CNE: A new PREPA RSA should lower utility’s debt by 40%
By The Star Staff
The renegotiations toward a new Puerto Rico Electric Power Authority (PREPA) restructuring support agreement (RSA) should seek to reduce PREPA’s $9 billion debt by at least 40% to be sustainable, noted Center for a New Economy (CNE) Policy Director and General Counsel Sergio Marxuach on Thursday.
The economist also warned about the possible dangers of attempting to restructure an RSA, including a proposed securitization or bond exchange, without the island Legislature’s green light.
The recently terminated PREPA Restructuring Support Agreement (RSA) was the third failed attempt to restructure at least a portion of PREPA’s debt. U.S. District Court Judge Laura Taylor Swain, in a March 8 order, expressed her concern that “the termination announcement presents the risk of a major setback in progress toward readjustment of PREPA’s liabilities.” She also imposed a tight deadline for the Financial Oversight and Management Board to commence a mediation process and file a plan of adjustment, or a term sheet thereof; submit a schedule for the litigation of pending issues; or show cause as to why the court should not dismiss the Title III case. Time, therefore, is of the essence, the judge advised. The parties have to submit a plan in May or explain to Swain why she should not dismiss the bankruptcy case.
“However, while we fully understand the desire to expeditiously conclude this process after five years of expensive and drawn-out negotiations, it is just as important to get right both the process and the substance of the debt restructuring,” Marxuach said.
In a policy brief to that end, the CNE offered some recommendations that the San Juan-based think tank hopes will provide a useful framework to thoughtfully analyze any new proposal to restructure PREPA’s debt.
The first recommendation was that any new plan of adjustment for PREPA has to be comprehensive in nature. That means the plan of adjustment must take into account the complicated environment in which PREPA operates, Puerto Rico’s weak economy, the fragility of the island’s transmission and distribution system, PREPA’s aging generation fleet, the politicization of its management, and PREPA’s prior history of mismanaged initiatives to reduce costs. Marxuach noted that the war on Ukraine has resulted in an Increase In oil prices.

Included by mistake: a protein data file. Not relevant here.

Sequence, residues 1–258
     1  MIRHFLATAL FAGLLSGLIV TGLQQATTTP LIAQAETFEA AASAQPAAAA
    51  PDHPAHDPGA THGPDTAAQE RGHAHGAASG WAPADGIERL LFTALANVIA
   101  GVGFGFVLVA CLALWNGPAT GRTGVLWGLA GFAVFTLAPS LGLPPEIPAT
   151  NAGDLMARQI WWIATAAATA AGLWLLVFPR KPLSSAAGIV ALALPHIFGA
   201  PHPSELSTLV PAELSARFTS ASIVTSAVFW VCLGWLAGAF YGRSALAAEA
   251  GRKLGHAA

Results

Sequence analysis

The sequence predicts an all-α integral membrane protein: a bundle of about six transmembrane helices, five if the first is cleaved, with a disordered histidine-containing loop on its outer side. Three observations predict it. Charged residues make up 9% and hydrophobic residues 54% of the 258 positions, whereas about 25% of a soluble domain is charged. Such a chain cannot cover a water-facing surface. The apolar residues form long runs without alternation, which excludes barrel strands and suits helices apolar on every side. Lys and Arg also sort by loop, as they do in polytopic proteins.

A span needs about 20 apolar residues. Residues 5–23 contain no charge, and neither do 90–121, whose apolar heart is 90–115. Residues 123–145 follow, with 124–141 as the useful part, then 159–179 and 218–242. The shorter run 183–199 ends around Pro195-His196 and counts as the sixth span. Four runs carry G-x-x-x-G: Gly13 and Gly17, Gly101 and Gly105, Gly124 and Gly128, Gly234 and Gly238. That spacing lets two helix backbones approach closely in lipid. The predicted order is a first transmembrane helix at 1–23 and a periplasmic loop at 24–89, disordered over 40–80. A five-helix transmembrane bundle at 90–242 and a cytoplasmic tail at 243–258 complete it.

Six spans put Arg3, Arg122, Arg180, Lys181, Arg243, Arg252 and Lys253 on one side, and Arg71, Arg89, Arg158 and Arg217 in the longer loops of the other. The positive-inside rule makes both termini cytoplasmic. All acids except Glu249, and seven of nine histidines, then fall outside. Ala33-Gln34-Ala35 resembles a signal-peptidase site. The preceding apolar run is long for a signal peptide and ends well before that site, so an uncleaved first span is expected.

A restructured PREPA should be a solvent entity, he said. “This is more than a mere accounting technicality. If PREPA is still insolvent, even after exiting the negotiation process, then it is questionable whether the plan of adjustment would be confirmable by the Court,” Marxuach said. “While PROMESA [the Puerto Rico Oversight, Management and Economic Stability Act] does not require that solvency be established to confirm a plan of adjustment, it does require that it be viable and certainly solvency is at least one component of any viability analysis.”
The debt reduction at PREPA has to be drastic, Marxuach noted. According to PREPA’s monthly report to its governing board for December 2021, PREPA’s liabilities totaled $18.1 billion, while its assets added up to $10.1 billion, a difference of $8 billion. In theory, then, that is the minimum amount — $8 billion or 44% of all liabilities — by which all of PREPA’s obligations would have to be reduced in order to keep it as a minimally sustainable going concern post-restructuring. It would be extremely ironic, not to say utterly irrational, the economist said, to finish the expensive five-year process with an entity that is still technically insolvent.
The restructuring debt should eliminate the securitization structure, Marxuach asserted. Securitization would have guaranteed the repayment of the new PREPA bonds regardless of PREPA’s operational situation and would have represented a significant upgrade of the bondholder’s collateral package.
“The repayment guarantee for any new PREPA bonds, as is the case with the existing PREPA bonds, should be a lien against the net revenues after payment of the operating costs of the issuer generated by PREPA,” he said. “We see no reason for upgrading this security structure or for substantially modifying PREPA’s current relative repayment priorities, unless creditors provide an infusion of new money, something analogous to a debtor in possession financing, or some other similar consideration.”
Marxuach also noted that doing a securitization without legislative approval could result in lower credit ratings for the new bonds and go against PROMESA, which establishes as a requirement a return to the markets with an investment grade rating.
In response to questions from reporters, Marxuach said he has not seen any studies as to the impact on PREPA finances of a proposed construction of stations that can recharge electric vehicles.